Some mama whales may whisper to keep calves safe from orcas

The tactic has just been witnessed in southern right whales

A southern right whale and her calf travel together. Where the threat of predators is high, new data show a mom and her young may effectively whisper.

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Whales are known for belting out sounds in the deep. But some may also whisper — to safeguard their young. 

Orcas, better known as killer whales, are predatory dolphins. They can hunt in packs and take down big prey — such as baby right whales. Some southern right whale moms steer their calves to shallow waters. There, their newborns are less likely to be picked off by orcas. 

The crashing of coastal waves may also mask the occasional quiet calls that the mother and calf make. This may help the whales stick together without broadcasting their presence to predators. That’s the finding of a new study. Researchers described the findings July 11 in the Journal of Experimental Biology.

Most whale calls are meant to be long-range. However, notes Mia Nielsen, “This shows us that whales have a sort of intimate communication as well,” she says. “It’s only meant for the whale right next to you.” Nielsen is a behavioral biologist who works at Aarhus University in Denmark.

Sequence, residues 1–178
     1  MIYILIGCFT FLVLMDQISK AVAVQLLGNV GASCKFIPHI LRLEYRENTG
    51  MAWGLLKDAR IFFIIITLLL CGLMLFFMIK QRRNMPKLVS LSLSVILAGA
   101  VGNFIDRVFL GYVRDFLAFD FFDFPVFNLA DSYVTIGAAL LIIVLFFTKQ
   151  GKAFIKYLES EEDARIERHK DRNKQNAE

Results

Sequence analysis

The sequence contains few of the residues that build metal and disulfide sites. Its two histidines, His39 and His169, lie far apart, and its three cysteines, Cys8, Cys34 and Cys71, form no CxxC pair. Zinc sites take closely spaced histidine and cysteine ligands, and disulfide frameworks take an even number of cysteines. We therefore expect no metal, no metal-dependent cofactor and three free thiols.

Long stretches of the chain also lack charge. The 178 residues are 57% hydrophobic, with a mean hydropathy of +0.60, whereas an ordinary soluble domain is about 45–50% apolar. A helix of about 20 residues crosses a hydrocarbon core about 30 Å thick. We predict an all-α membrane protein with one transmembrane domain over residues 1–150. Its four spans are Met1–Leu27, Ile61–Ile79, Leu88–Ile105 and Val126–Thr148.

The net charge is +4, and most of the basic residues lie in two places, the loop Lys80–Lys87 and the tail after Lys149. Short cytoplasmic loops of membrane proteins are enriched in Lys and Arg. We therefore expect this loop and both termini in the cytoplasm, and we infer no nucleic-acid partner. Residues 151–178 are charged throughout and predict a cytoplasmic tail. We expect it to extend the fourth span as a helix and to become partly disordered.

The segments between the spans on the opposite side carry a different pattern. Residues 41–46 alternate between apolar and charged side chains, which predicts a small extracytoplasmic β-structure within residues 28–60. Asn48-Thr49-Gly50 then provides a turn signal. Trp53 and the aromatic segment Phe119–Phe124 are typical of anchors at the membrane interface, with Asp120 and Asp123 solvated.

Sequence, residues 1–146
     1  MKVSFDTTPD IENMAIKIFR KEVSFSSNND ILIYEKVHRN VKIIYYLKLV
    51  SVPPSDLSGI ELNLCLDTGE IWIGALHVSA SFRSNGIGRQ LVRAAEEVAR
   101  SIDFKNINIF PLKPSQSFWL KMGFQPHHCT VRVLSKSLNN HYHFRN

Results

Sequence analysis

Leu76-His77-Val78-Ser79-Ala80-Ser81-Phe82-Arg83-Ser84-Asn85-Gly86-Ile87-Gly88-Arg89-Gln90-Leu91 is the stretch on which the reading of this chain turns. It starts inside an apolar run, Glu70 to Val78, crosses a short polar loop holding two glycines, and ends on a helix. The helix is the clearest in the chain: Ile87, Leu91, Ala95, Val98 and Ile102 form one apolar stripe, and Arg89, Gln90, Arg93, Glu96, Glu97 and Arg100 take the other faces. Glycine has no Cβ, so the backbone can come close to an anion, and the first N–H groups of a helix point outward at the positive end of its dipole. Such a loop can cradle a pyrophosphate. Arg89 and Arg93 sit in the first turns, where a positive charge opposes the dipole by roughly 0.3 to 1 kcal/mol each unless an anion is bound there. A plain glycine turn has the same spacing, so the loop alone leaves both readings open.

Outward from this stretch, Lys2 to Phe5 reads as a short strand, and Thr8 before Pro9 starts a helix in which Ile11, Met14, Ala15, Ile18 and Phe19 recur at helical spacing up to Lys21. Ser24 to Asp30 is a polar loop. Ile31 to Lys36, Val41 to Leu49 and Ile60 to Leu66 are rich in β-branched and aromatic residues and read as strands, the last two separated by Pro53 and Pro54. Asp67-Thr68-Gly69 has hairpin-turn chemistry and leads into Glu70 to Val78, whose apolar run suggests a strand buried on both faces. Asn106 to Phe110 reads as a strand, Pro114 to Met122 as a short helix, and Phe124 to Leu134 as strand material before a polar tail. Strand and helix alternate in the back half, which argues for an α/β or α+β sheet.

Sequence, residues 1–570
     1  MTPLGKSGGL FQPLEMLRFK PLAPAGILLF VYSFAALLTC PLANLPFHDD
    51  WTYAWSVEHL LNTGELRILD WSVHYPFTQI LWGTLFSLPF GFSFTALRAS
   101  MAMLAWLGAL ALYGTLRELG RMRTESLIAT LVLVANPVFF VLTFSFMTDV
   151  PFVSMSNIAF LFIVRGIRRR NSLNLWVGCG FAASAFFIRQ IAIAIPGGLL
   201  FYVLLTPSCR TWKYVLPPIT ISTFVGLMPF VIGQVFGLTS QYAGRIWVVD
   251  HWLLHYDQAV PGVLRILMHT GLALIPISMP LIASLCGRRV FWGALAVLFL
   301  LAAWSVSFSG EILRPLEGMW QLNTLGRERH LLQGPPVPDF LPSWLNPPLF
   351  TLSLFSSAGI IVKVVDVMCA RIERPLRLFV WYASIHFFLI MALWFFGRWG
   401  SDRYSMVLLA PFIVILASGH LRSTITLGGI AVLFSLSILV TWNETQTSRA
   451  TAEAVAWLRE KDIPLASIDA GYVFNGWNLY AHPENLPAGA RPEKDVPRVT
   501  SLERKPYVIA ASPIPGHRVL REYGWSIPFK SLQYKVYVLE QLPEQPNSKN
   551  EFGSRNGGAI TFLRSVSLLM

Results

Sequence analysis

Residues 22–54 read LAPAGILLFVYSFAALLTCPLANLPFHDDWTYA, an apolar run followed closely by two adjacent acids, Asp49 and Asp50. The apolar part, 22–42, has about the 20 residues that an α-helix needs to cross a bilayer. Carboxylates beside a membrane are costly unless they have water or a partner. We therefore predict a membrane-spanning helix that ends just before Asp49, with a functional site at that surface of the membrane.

She was part of a team that tagged nine female whales with audio recorders. They also carried sensors to measure motion and water pressure. When the whales were submerged below the noisy waves, the scientists could pick up the hushed calls. These “whispers” were soft enough to fade into the background noise by around a distance of 200 meters (650 feet) away.

An orca “would have to get quite close in the big ocean to be able to detect them,” says biologist Peter Tyack. He works at the University of St. Andrews in Scotland and was not involved with the study. He does, however, work with one of the new study’s authors on other projects.

The whispers showed up when the whales were moving, rather than when mothers were stationary and possibly suckling their calves. Using hushed tones could make it harder for the pair to reunite if separated. But the observed whales studied here tended to stay close to one another — about one body length apart.

Eavesdropping biologists have generally focused on the loud noises that animals make, notes Tyack. Studies such as this one, he says, suggest “there may be a repertoire among the calls of lots of animals that are specifically designed only to be audible to a partner who’s close by.” 

Carolyn Wilke is a former staff writer at Science News for Students. She has a Ph.D. in environmental engineering. Carolyn enjoys writing about chemistry, microbes and the environment. She also loves playing with her cat.

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